Group Members: Michele Leigh, Lauren Pirritano, Lauren Jimenez
Lauren Jimenez is a data specialist. She will be graduating with her MS/LIS later this summer and is interested in working in research development and database management.
Michele Leigh is a film historian. She has a PhD in film studies and is currently working on her MLIS in Archives and Special Collections with an emphasis on audiovisual archives and preservation.
Lauren Pirritano is Media Producer at the Video Data Bank. She will be graduating with her MS/LIS in December 2021 and is interested in continuing her career in moving image archiving and preservation.
Point of Contact: Michele Leigh
The general domain/topic for our schema will be audio visual collections, especially moving image works that cater to an academic audience. In particular we are interested in focusing on Home Movies. This hypothetical collection could be considered a special collection at a university used for scholarly research. An example of an archive similar to the one we envision would be the Walter J. Brown Media Archives and Peabody Awards Collection at the University of Georgia (https://bmac.libs.uga.edu/pawtucket2/index.php/FindingAids/Collections/key/8e901317e36cd5591162a1079efcc97a/facet/collection_area/id/1018/view/images) We are particularly interested in exploring the inclusion of user added metadata in our schema. Our group was inspired by elements of preexisting schemas like PREMIS, METS, and PBCore, yet we envision a more interactive approach would serve this type of AV collection well.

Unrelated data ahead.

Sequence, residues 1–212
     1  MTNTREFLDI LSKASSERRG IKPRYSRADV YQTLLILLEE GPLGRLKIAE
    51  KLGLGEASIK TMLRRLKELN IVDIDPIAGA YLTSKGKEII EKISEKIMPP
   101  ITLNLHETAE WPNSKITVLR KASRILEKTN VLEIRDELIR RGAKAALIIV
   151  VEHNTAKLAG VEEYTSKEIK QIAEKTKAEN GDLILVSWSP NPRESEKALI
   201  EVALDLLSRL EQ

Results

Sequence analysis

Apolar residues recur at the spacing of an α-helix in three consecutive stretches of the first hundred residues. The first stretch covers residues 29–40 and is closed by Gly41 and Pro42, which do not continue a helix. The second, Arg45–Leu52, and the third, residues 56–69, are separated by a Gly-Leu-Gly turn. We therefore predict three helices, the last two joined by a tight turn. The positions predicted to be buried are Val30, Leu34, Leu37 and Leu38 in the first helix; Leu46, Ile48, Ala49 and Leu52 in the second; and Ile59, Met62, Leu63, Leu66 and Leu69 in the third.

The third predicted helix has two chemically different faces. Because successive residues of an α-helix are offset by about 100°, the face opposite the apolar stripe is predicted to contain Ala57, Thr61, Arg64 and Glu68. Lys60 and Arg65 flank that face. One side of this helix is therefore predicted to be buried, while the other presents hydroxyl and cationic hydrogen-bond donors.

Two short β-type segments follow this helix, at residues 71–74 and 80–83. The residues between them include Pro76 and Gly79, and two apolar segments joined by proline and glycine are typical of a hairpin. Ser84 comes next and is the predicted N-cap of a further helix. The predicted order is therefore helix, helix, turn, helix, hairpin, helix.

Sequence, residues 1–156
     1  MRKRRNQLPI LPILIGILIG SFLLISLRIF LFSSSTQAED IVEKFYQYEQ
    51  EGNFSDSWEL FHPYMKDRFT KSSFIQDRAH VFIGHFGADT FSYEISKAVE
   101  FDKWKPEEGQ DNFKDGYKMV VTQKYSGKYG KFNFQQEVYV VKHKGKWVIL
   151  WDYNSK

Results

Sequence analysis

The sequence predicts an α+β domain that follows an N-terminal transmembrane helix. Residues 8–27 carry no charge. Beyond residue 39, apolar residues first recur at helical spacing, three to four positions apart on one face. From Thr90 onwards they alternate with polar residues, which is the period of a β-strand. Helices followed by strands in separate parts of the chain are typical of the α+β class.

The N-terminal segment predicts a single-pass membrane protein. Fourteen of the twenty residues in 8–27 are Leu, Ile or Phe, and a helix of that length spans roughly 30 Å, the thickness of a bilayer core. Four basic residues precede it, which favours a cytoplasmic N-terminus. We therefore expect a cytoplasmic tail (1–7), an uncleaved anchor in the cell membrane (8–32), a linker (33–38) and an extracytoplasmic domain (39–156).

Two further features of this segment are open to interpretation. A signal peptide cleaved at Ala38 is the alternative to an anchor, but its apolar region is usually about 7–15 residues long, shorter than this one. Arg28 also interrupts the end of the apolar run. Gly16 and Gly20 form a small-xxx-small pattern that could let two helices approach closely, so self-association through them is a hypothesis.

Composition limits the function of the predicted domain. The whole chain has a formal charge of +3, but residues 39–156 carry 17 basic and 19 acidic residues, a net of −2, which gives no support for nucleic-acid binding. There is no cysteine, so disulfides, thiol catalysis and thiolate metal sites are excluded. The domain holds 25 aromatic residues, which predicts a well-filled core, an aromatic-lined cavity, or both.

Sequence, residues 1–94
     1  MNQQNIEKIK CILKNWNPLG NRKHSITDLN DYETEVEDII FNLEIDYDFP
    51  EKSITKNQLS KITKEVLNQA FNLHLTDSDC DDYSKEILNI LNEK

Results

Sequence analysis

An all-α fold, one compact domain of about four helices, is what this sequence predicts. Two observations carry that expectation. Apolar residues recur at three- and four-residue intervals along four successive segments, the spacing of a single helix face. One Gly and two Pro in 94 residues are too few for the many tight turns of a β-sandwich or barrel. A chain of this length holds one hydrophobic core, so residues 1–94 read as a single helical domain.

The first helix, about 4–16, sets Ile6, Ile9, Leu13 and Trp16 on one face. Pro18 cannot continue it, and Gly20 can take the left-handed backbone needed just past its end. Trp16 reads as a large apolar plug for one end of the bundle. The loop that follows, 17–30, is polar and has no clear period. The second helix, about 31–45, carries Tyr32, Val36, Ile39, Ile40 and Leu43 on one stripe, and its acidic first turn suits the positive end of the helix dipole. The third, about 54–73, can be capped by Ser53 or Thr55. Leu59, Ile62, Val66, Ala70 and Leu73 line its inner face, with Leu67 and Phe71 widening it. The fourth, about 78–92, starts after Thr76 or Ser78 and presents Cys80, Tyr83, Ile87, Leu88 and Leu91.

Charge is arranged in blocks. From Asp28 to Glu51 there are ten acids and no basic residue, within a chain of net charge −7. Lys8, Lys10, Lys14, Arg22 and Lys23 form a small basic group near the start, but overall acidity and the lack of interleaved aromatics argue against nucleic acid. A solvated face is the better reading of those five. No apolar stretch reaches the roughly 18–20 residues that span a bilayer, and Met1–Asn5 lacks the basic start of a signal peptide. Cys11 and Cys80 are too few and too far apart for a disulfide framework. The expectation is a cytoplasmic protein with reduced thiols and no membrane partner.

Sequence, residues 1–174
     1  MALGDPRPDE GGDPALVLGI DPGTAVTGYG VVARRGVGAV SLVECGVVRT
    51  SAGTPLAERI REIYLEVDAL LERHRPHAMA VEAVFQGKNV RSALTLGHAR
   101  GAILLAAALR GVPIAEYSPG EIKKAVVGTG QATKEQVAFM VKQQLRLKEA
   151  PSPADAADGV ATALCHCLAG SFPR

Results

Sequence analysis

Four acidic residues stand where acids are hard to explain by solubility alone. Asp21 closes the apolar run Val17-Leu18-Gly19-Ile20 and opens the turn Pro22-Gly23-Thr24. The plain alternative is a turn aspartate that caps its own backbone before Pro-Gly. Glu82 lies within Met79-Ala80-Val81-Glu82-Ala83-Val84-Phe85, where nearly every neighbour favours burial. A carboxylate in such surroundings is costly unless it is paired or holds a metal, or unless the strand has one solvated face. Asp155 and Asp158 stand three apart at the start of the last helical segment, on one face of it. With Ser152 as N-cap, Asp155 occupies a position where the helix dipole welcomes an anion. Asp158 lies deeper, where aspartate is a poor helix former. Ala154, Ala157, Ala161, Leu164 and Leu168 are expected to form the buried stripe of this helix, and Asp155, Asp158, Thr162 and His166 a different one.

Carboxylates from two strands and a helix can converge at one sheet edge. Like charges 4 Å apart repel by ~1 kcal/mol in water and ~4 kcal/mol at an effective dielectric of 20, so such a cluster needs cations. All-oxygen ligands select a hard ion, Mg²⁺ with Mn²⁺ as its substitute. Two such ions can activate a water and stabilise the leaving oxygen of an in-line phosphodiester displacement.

Intended Audience/Potential Users:
The intended audience and/or potential users for this Home Movie based special collection will primarily be academics conducting scholarly research or filmmakers producing new media. One important consideration we would like to make in the structuring of our schema is usability. It is important for us to involve the user in our tagging system if possible. It would be great to allow the user who interacts with the collection to mark the items in the collection with notes, tags, or other markings. Allowing for a more dynamic interaction between user and collection will help sustain interest in the collection, as well as bring previously ignored areas of the collection to light. It would be a great way of creating user generated finding aids and to simultaneously record histories of the collection and its use.